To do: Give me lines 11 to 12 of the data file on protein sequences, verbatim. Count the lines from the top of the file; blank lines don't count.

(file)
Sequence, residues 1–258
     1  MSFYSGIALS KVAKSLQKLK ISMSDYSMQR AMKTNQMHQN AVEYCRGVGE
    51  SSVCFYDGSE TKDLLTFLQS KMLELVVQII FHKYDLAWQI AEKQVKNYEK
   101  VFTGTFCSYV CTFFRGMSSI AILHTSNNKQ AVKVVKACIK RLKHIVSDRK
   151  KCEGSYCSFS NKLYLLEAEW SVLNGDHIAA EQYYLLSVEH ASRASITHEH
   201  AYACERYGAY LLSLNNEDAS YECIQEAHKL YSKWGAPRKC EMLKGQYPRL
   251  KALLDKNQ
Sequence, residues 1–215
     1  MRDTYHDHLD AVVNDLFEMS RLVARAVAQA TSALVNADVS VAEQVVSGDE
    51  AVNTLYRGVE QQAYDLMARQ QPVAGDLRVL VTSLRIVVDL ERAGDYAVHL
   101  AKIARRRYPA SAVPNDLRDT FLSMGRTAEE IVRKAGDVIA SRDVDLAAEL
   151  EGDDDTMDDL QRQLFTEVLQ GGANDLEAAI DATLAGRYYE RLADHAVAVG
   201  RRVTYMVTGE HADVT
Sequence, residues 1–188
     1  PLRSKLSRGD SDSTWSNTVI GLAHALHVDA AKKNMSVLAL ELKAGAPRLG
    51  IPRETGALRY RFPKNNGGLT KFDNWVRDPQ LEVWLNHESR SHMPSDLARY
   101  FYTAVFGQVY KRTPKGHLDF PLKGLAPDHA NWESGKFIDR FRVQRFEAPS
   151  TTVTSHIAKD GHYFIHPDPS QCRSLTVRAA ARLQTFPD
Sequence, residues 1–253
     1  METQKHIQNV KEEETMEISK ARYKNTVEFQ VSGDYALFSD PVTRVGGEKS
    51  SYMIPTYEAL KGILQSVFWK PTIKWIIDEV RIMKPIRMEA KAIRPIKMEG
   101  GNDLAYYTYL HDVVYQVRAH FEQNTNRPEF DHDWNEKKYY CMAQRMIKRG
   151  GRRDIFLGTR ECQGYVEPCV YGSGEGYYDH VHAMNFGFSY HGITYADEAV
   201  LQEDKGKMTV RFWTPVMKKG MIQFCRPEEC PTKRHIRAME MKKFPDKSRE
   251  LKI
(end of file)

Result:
   101  AKIARRRYPA SAVPNDLRDT FLSMGRTAEE IVRKAGDVIA SRDVDLAAEL
   151  EGDDDTMDDL QRQLFTEVLQ GGANDLEAAI DATLAGRYYE RLADHAVAVG